by Alan Yudman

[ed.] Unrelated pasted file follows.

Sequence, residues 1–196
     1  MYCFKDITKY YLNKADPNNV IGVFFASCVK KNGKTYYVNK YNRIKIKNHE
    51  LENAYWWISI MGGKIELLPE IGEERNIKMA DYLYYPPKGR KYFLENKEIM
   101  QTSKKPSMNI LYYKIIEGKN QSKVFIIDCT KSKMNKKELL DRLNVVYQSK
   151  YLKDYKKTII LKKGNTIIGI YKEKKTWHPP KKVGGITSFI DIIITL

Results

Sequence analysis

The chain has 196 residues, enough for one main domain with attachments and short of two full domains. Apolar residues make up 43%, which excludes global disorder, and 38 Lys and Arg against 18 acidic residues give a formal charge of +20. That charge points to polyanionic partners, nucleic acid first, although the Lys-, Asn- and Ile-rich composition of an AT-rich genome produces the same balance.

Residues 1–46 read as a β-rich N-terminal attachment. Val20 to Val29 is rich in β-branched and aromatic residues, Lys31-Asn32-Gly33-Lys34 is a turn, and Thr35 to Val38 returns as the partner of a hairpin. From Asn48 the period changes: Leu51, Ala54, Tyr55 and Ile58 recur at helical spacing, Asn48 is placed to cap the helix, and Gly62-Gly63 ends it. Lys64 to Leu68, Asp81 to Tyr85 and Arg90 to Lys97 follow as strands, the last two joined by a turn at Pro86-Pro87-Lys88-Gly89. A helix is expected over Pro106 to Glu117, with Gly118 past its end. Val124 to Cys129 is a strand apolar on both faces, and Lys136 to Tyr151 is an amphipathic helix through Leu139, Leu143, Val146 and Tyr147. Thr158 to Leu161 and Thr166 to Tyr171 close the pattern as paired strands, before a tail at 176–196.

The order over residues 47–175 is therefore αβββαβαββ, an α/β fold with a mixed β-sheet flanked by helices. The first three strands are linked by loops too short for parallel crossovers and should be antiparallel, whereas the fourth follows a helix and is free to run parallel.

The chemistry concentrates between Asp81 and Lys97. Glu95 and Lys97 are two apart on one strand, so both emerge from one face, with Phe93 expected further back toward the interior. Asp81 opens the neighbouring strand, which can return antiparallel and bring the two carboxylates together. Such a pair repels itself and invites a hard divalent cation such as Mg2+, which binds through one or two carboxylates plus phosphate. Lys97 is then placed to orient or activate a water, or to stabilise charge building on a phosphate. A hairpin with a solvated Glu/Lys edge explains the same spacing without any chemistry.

It has been three weeks since I saw BLACK MASS. That’s how long it has been rolling around in my head, while I try to figure out if it’s good, great or something far less. There’s no denying one thing. This is the best work Johnny Depp has done in years. He’s not a pirate or some other character born out of fantasy. James “Whitey” Bulger is all too real. He is a violent, evil, menacing mobster and watching Depp you get a real sense of just how bad this man could be. Bulger was brutal, vindictive and did not suffer fools gladly. The first time we see him he is chastising a colleague for licking his fingers and sticking them in a bowl of peanuts in a bar. But you get the sense that he could just as easily have killed the guy right there. That’s the good in this movie. Maybe even the great. The script is better than average, based on the book by two Boston Globe writers Dick Lehr and Gerard O’Neill. The direction by Scott Cooper (CRAZY HEART) is also better than average but the cinematography is unremarkable or even pedestrian. That is to say it doesn’t draw any attention to itself, so maybe that’s a good thing. On the drawing attention to oneself spectrum, Joel Edgerton is at the other end of the scale. He plays John Connolly, the Southie (South Boston) native who grew up with Bulger and his brother Billy. Connolly is now an FBI agent and thinks he can use his “neighborhood is thicker than water” connection to Bulger to turn him into an FBI informant. It works for a time. They get maybe one good bust out of Bulger’s information, but the rest of the time it is more of a boondoggle that Bulger has pulled on his old buddy that allows him to take over and control organized crime in Boston. That is Connolly’s downfall. Edgerton plays Connolly as a bombastic “wiseguy”, who thinks he’s smarter than his colleagues and whose loyalty to what is right is in question from the start. Edgerton’s accent is good, but it slips at times. Not as bad as Kevin Costner in Robin Hood: Prince of Thieves, but it is noticeable. Cumberbatch as Billy Bulger doesn’t have a lot to do other than one scene where he dismisses Connolly who comes looking for a favor. Any other “name” you see in the credits has so little to do on screen that it doesn’t matter who they are. This is all about Bulger and his violent rule of the Boston streets. As a document of history it is fairly interesting and from what I can tell, pretty accurate. But as a piece of entertainment, other than Depp, there is not much there.